My taste began to return—gradually. I’d take a bite of food and taste the salt, the sweet, the sour but not the food itself. A bite of beef stew offered up the grain of the meat, the velvety quality of the stew as I make it, the saltiness, and the pepper. But of the “beefness” there was none.

It made me think about the personality of individual foods. What makes an olive an olive, especially considering what’s required to make it both edible and desirable? Why does cheese make a better dessert (in my opinion) than something sweet? Why are artificial flavors so vexing? Tasting an artificially flavored food is a little like seeing someone you love in the crowd, only it’s not really that person. And in fact it’s someone you see littering or breaking in line. Your loved one would never do that! Why is this cherry soda merely “red tasting” and nothing like any type of cherry you’ve ever had? Blehhhh!

Deprived of your sense of taste you feel sorry for yourself, but you can’t whine too loudly about it without sounding like an A#1 First Class Crybaby. After all, it’s probably a temporary condition. For those who’ve lost their sight or hearing, it’s usually a permanent state and much more limiting and life altering.

But temporarily losing your sense of taste helps you gain a newfound appreciation for it. The raspberries in this photo were sweeter and more delightful than I’ve ever known raspberries to be. And a choice bite of epoisses? and roquefort? I went on quite a cheese eating jag in celebration of the return of my sense of taste. And if I ever lose it again, a half dozen choice cheeses will help me celebrate its return!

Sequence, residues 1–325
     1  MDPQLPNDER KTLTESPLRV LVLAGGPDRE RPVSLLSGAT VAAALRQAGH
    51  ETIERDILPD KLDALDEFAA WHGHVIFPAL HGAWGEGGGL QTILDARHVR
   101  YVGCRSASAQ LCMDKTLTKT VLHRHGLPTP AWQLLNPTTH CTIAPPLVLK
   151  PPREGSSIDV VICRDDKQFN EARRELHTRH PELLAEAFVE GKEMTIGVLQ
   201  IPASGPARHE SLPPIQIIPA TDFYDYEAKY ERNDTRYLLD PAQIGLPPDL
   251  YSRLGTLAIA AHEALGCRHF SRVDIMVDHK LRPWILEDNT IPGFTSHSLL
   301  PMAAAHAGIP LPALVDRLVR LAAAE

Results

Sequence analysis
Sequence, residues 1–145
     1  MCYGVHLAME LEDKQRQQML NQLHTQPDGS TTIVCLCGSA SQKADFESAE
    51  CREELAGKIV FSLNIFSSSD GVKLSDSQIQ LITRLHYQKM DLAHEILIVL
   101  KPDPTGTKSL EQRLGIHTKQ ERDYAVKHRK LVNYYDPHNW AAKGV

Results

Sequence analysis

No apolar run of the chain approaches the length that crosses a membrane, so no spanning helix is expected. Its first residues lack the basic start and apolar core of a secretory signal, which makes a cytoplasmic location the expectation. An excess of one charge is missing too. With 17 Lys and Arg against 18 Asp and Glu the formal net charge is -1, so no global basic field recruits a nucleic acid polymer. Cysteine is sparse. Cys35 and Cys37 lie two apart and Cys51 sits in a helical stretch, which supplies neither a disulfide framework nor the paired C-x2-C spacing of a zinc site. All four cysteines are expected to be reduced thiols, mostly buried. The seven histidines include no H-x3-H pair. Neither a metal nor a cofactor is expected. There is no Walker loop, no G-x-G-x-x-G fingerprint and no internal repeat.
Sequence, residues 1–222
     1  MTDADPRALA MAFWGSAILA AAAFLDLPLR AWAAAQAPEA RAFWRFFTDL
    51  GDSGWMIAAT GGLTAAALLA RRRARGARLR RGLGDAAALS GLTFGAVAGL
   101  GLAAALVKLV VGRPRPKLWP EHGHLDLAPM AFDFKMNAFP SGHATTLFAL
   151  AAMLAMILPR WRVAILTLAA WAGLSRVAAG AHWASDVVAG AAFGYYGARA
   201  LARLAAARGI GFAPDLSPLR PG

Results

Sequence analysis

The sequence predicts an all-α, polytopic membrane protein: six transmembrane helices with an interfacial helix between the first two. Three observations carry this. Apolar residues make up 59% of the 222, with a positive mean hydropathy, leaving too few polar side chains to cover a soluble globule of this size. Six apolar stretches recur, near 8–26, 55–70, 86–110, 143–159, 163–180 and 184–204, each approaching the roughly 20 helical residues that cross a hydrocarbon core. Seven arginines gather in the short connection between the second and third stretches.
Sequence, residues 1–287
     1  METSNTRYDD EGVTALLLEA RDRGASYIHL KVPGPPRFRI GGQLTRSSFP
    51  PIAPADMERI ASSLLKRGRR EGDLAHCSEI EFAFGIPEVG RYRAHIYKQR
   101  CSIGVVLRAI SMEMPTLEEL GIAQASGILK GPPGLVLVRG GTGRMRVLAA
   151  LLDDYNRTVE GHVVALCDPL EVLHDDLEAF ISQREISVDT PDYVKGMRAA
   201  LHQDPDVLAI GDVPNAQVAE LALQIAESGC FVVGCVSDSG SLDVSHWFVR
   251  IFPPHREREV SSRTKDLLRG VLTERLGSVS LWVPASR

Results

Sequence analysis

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A Playlist for “Churnin'”

I’m just back from this year’s conference of the International Association of Culinary Professionals with a fistful of business cards, loads of notes scribbled during myriad sessions and panels, and the memories of some fine conversations and really good food (thanks, Louisville!). One other thing I returned with that was a profound honor and totally unexpected—the award for Best Food Writing, Personal Essays/Memoir, for “Churnin’.”

At the awards with IACP President Glenn Mack, showing off in our gladrags, champagne in hand… (photo by Timothy P. Valentino)

As I reached the stage to collect my certificate and a kiss on the cheek from hosts Top Chef Carla Hall and Washington Post Food and Dining Editor Joe Yonan, I realized that the microphone was right there in front of me, awaiting whatever I had to say—and that this was something I forgot prepare for. YIKES!

I managed okay, giving a shout-out to the writers of all those naughty blues songs about food that aren’t really about food. Those songs had inspired me to write the winning essay, some with chuckleworthy titles like “Your Biscuits Are Big Enough For Me” and “My Stove’s In Good Condition.” Some made it into the essay, while others provided sublime background music as I wrote.

I’d like to share my *Dirty Dozen with you, all quirky examples of yet another way–and a truly imaginative one—in which to use food.


*This playlist is on Spotify, but if you don’t have an account, you should be able to find these songs elsewhere on the internet with a little searching:

“Keep On Churnin’ Til the Butter Comes,” by Wynonie Harris

“I Need a Little Sugar In My Bowl,” by Bessie Smith

“All That Meat and No Potatoes,” by Fats Waller

“My Stove’s In Good Condition,” by Lil Johnson

“It Must Be Jelly ‘Cos You Know Jam Don’t Shake, by Frankie “Half-Pint” Jaxon

“Your Biscuits Are Big Enough For Me,” by Bo Carter

“I Like My Baby’s Pudding,” by Wynonie Harris

“Lean Meat Won’t Fry,” by Memphis Minnie

“Lollypop,” by Hunter & Jenkins

“Sam the Hot Dog Man,” by Lil Johnson